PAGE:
Children from CRS’s Education Centres were treated to a day out on 26 November when the exclusive private school, La Martinere, opened its doors for the annual Mega Children’s Day Carnival. One hundred children from Sukantanagar, Bibibagan, Hastings and Topsia were selected to attend. They enjoyed food and games, and each received gifts.
14th November is the birthday of Pandit Jawaharlal Nehru, the first prime minister of India. In honour of his dedication to the welfare and education of children, this date was chosen for the annual Children’s Day. As usual, children at all CRS centers in Kolkata celebrated the day with enthusiasm, and this included performances of dance and song. Thanks to the support of the Rotary Club of Calcutta, Outram, the children also received a packed lunch and gifts.
Shishu Jagat (Children’s World) is a network of grassroots-level organizations working with children at risk. It aims to empower children to carry out action and development programmes in their own communities. The CRS centres in the neighbouring areas of Basanti Devi Colony and Sukantanagar have a Shishu Jagat programme that is very active. Previous news items have covered a range of their activities including environmental awareness and tree planting, a summer camp focused on arts and creativity, the Raksha Bandhan sibling celebration, and an event on International Literacy Day. This month, Shishu Jagat members worked in groups to create a wall magazine for their school. They designed large posters featuring series’ of drawings to tell stories and communicate messages to those with lower levels of literacy.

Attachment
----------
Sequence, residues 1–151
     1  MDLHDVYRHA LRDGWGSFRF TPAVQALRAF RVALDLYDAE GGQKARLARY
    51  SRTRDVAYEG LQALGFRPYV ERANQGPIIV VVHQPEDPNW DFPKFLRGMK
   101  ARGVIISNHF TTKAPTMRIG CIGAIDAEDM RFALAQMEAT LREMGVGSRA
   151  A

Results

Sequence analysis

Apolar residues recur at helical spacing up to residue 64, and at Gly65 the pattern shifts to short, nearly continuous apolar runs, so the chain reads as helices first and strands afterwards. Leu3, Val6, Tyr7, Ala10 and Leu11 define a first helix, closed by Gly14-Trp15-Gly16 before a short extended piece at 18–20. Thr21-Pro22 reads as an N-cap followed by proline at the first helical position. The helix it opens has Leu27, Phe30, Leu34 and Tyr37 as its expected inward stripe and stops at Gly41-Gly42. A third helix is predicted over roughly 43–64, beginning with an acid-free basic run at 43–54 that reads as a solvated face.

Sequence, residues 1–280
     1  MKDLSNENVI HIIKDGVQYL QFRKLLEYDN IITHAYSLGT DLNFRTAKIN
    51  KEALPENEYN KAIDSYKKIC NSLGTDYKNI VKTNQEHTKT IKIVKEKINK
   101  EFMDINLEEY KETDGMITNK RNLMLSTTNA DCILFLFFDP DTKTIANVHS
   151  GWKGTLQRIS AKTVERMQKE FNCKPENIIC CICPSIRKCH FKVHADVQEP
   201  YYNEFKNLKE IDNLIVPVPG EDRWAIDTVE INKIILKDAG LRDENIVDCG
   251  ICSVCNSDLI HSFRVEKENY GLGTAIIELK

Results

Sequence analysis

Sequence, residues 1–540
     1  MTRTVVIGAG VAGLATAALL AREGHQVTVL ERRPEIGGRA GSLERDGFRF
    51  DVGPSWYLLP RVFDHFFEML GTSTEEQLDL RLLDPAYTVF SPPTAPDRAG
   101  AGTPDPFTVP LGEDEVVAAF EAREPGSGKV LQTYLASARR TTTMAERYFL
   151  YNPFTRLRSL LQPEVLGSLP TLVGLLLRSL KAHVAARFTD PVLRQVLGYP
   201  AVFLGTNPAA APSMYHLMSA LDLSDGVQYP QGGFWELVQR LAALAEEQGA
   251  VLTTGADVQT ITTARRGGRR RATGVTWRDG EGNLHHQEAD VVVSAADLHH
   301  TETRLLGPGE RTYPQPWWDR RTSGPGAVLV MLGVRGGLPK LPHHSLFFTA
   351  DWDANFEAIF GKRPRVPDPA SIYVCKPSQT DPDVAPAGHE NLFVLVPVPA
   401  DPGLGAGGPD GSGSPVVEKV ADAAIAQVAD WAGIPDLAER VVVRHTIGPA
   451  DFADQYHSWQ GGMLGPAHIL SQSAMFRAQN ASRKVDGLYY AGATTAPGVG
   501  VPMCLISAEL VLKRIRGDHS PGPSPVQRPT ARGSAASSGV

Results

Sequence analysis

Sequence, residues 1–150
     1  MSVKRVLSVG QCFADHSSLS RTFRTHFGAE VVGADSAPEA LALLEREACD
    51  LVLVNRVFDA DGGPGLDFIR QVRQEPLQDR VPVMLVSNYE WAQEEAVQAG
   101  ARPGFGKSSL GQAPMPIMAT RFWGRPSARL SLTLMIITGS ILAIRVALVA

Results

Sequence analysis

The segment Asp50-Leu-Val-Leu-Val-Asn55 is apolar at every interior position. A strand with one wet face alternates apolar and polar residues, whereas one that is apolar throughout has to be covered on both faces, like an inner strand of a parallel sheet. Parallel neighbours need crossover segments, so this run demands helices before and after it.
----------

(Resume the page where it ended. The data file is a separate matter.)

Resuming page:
A report by United Nations Educational, Scientific and Cultural Organisation (UNESCO) revealed India to have 287 million illiterate adults, the highest number in the world. While there is full literacy among affluent Indians, the poorest members of society are not projected to achieve universal literacy until 2080. In 1965, UNESCO declared 8th September as International Literacy Day. This year’s 50th Anniversary honoured five decades of efforts to increase literacy rates worldwide. Children from the Sihsu Jagat (Children’s World) programme at the CRS Education Centres in BD Colony and Sukantanagar organised this year’s celebration including songs and recitations by children and teachers. Women and girls who attend the CRS skills training programme also shared what difference literacy made to their lives.
Teachers’ Day has been an annual celebration in India since 1962. It is held on 5th September, the birth date of Dr Sarvepalli Radhakrishnan, the second President of India. Children attend school as usual but, instead of normal classes, hold celebrations in appreciation of their teachers. Children at CRS’s 8 urban slum centres and four rural village schools celebrated in the day in their own ways. The students of CRS’s Training Center for Differently-abled Persons also held a celebration, enjoying a sing-a-long with their carers and teachers. In addition CRS organised a small get-together at the office headquarters to thank the teachers who make such an important contribution to the lives of children from poor and underprivileged backgrounds.